President Donald Trump on Wednesday appeared to back off a commitment to meet investigators looking into Russia's role in the 2016 US election, saying an interview was "unlikely" to take place.
Asked whether he would be willing to meet special counsel Robert Mueller, Trump deflected the question by repeatedly denying that investigators had found any evidence of collusion between his campaign team and Russia.
"I'll see what happens. But when they have no collusion -- and nobody has found any collusion at any level -- it seems unlikely that you would even have an interview," Trump said.
Trump had previously said he would be "100 percent" willing to meet Mueller, a former FBI director.
The 71-year-old president has strenuously denied that his campaign worked with Russia to undermine the campaign of Trump's rival Hillary Clinton.
Two Trump campaign aides -- including campaign manager Paul Manafort -- have been indicted in the investigation.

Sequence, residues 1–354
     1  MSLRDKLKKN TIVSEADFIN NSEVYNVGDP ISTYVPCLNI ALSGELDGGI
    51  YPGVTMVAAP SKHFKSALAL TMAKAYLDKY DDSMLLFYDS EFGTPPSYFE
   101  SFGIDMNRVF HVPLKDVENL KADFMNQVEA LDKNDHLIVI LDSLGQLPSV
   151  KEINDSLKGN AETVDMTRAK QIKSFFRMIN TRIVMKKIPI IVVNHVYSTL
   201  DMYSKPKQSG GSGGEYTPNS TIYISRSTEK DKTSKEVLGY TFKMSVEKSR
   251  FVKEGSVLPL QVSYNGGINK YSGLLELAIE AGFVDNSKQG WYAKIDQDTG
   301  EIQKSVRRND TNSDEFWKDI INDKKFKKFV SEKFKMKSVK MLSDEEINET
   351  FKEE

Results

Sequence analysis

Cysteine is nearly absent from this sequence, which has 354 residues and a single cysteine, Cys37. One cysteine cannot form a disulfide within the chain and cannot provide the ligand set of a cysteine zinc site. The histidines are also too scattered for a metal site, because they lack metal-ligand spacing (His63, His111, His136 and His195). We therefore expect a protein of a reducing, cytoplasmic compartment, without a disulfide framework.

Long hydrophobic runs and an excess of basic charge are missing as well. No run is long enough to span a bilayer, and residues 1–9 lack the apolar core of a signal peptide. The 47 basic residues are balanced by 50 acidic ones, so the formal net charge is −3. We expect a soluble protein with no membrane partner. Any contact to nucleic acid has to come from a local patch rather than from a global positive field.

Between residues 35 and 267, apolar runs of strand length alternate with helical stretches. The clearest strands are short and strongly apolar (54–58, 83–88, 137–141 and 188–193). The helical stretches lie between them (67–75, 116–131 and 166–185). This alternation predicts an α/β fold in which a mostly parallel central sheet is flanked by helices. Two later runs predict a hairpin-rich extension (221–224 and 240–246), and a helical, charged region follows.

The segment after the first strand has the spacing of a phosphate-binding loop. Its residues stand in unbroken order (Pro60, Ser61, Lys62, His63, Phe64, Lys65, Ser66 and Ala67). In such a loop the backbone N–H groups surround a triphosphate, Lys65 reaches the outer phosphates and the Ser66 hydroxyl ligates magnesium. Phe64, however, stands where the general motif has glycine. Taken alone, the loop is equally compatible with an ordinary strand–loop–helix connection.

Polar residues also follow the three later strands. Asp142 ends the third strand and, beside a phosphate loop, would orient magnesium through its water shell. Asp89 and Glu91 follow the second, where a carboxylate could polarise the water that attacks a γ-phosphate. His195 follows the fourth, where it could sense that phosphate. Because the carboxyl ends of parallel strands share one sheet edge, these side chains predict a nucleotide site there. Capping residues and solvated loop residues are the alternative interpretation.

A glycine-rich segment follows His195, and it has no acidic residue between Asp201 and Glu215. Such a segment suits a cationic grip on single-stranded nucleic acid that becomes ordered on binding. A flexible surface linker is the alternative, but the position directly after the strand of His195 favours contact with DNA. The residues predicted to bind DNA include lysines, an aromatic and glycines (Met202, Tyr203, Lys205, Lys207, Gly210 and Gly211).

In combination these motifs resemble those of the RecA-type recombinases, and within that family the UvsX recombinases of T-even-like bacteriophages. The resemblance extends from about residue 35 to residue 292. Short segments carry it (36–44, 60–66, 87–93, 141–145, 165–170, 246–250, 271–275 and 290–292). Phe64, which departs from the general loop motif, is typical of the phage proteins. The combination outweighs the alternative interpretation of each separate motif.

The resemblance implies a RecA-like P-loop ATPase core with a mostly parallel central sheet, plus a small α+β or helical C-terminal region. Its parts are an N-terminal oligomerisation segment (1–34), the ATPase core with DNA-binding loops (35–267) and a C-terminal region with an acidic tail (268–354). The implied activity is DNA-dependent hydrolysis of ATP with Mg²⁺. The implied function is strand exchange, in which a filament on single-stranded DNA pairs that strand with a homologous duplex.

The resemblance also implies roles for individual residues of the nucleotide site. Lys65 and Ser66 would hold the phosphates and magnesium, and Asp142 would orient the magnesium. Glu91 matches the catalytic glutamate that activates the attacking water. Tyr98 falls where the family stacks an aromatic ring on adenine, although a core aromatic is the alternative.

Two more -- including former White House national security advisor Michael Flynn -- have pled guilty to lying to the FBI about their contacts with Kremlin-connected officials.
Appearing before Mueller would pose legal and political risks for Trump, who has often claimed that he is not personally under investigation.
Former president Bill Clinton's impeachment on counts of perjury and obstructing justice was fueled by misleading testimony he gave to prosecutors.
Mueller is also believed to be investigating whether Trump and his inner circle sought to obstruct justice, which has raised speculation that the president himself would be interviewed.
Trump had said he fired FBI director James Comey last year in part because of his earlier investigation into Russia and the 2016 election.